Media Policy – Press Council presents annual report and case statistics for 2020

More cases than ever before – namely 418 – occupied the Press Council in 2020. This was due, among other things, to the reports on COVID19, which led to a particularly high number of submissions. In addition, the press council received more than 1,500 complaints based on reports on the terrorist attack in Vienna on November 2nd, 2020. This is an absolute negative record in terms of the number of complaints on a specific topic (for comparison: In the entire year 2020, 4085 readers turned to the colleagues of the German Press Council).

“Especially in times of crisis we are obviously experiencing a great need for media-ethical self-control,” says Andreas Koller, spokesman for Senate 2 of the Press Council.

Case statistics 2020

As stated at the beginning, the Senates of the Press Council dealt with a total of 418 cases in the previous year, and in 36 cases they found violations of the code of honor for the Austrian press. Six ethics violations were classified as minor and therefore only indications were given. For comparison: in 2019 there were 38 ethics violations in 297 cases (five of which were indications).

The 2020 number of cases for individual media and, in brackets, the respective media ethical violations: “Austria, OE24” 57 cases (17), “Kronen Zeitung” 62 (11), “Today” 28 (3), “Wochenblick” 3 (2 ), “Bezirksblätter” 15 (2), “The whole week” 1 (1), “Kitzbüheler Anzeiger” 2 (1), “Kurier” 27 (1), “Der Standard” 52 (0), “Kleine Zeitung” 17 (0), “Die Presse” 12 (0), “VN” 10 (0) and “SN” 6 (0).

In ten cases, the senates took action independently; five ethics violations were found.

Media ethical decisions of the year

Most of the violations of ethics concerned personality violations (point 5 of the code of ethics), some also discriminated against groups of people (point 7 of the code of ethics) and the separation of advertising and editorial content.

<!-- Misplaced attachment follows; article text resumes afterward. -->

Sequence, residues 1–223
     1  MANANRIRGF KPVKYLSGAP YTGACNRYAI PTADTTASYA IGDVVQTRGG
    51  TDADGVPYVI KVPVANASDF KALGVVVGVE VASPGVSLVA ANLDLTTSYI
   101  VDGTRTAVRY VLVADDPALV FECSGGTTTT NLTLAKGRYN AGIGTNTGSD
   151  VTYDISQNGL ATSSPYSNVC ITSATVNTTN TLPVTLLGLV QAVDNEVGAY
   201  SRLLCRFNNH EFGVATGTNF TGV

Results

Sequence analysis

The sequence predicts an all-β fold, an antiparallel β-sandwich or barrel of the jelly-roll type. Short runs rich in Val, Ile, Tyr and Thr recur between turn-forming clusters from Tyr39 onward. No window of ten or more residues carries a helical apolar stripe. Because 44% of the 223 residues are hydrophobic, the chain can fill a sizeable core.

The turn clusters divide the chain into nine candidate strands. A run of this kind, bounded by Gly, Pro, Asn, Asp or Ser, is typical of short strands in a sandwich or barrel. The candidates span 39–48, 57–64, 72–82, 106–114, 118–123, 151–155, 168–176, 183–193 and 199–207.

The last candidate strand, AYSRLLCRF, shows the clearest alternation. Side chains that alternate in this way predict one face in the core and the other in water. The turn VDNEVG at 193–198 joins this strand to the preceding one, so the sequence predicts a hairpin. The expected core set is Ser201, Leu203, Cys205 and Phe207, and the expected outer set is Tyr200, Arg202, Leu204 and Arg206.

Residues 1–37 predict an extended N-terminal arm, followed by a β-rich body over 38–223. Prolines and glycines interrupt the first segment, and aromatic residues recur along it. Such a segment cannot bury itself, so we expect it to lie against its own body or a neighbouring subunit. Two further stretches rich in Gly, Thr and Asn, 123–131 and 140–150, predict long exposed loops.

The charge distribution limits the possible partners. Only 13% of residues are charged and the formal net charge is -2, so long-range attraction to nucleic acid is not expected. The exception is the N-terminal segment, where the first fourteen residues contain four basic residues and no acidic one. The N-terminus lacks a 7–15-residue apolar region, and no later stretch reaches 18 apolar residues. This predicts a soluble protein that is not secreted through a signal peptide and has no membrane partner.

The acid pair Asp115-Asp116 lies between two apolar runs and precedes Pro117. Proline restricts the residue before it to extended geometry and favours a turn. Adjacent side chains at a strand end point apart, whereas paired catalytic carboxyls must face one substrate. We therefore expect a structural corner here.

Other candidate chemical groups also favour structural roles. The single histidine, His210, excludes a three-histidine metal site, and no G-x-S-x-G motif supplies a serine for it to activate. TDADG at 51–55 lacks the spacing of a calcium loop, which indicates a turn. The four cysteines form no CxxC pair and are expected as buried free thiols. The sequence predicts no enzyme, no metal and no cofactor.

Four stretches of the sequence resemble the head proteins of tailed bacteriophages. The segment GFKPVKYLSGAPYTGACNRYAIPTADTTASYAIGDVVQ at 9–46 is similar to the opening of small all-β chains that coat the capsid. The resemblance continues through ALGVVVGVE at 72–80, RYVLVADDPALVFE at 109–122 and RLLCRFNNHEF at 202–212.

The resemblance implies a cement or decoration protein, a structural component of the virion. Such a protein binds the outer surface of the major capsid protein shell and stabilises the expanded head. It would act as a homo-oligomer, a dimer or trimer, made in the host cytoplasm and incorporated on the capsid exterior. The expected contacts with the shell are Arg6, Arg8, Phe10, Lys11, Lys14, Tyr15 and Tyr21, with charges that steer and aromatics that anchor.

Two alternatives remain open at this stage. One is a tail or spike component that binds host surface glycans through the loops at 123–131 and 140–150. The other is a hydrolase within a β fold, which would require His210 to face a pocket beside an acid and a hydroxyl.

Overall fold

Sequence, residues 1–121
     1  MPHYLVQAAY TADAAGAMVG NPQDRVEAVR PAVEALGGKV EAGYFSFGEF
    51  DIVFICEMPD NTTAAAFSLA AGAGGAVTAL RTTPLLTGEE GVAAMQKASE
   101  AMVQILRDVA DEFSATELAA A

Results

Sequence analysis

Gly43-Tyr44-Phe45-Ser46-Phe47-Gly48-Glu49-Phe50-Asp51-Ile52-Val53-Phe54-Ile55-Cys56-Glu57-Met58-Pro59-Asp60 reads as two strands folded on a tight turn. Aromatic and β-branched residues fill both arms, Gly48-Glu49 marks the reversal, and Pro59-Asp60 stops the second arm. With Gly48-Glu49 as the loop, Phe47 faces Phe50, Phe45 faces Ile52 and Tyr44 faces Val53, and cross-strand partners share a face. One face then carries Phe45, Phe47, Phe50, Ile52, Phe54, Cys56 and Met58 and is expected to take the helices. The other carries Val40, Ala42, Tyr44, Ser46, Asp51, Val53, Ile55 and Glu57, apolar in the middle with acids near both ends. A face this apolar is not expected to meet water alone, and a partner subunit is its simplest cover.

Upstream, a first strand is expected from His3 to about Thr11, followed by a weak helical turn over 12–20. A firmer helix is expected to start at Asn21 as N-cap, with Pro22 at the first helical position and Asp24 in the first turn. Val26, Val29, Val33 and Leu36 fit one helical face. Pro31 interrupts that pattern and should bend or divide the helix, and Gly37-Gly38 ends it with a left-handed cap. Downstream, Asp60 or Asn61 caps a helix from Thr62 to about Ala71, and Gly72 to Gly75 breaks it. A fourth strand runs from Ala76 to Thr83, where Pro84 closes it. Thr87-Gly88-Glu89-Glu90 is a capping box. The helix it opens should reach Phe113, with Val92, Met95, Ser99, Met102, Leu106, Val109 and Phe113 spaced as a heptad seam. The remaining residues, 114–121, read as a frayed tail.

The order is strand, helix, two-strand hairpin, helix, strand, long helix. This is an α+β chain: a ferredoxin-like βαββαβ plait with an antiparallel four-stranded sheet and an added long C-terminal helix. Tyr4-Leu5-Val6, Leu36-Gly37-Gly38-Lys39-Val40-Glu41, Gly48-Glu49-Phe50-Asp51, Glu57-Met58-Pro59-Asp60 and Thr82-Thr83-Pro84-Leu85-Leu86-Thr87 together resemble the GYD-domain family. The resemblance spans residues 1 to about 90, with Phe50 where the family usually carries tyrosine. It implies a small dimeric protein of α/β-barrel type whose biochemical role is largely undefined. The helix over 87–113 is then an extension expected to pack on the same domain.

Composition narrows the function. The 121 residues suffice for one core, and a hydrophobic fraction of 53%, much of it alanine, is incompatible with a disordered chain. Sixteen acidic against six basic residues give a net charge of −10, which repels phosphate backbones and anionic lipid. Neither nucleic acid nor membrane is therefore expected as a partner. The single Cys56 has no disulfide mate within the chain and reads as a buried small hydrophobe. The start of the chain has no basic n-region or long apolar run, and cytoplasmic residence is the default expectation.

The violations of personality included the publication of the picture of a seven-year-old murder victim in the report on criminal trial (“OE24”); the publication of a falsified picture of a Green politician depicting him with Covid disease (“wochenblick.at”); the naming of details about child abuse (“District Gazette Lower Austria”); the publication of a video showing the shooting of a passerby by the terrorist in Vienna (“oe24.at”, “krone.at”); the publication of a video in which a police officer was hit in an exchange of fire during the Vienna terror attack (“oe24.at”, “krone.at”); the publication of the photo of the body of a murder victim, which the perpetrator originally distributed via WhatsApp (“OE24”).

The Senates rated a dubious article as discriminatory, for example, according to which teachers at a Carinthian secondary school had to give “asylum-seekers children” good grades (“The whole week”) or a contribution in which the medium did not sufficiently differentiate itself from the quote “Schlitzaugen-Virus” and other insults against Chinese people distanced themselves (“oe24.at”).

In addition, there were several violations of the requirement to distinguish between advertising and editorial content. For example with several articles in a Tyrolean regional newspaper (“Kitzbüheler Anzeiger”) or a contribution about a ?? 2.50 schnitzel at XXXLutz (“oe24.at”).

Finally, in a statement, the press council criticized the publication of mug shots of the alleged oligarch niece of the Ibiza video in several media.

In the opinion of the press council, the publication of a caricature on “nachrichten.at” depicting Pamela Rendi-Wagner as a girl from the cake with the accompanying text “The new packaging” was not a violation of ethics; The decisive factor here was that the SPÖ leader’s political demands were alluded to, which her party had previously represented; therefore there was a certain factual relation to politics.

The publication of a photo showing Johann Gudenus suspected of drug use was not punished by the press council either (“kurier.at”). The Senate 3 argued here that Gudenus has regularly campaigned for a stricter drug policy during his political activity. To be cleared up about this contradiction in words and pictures was of public interest.

Most recently, a satirical and polemical art criticism about the singer Andreas Gabalier was classified as unobjectionable in terms of media ethics (“kurier.at”).

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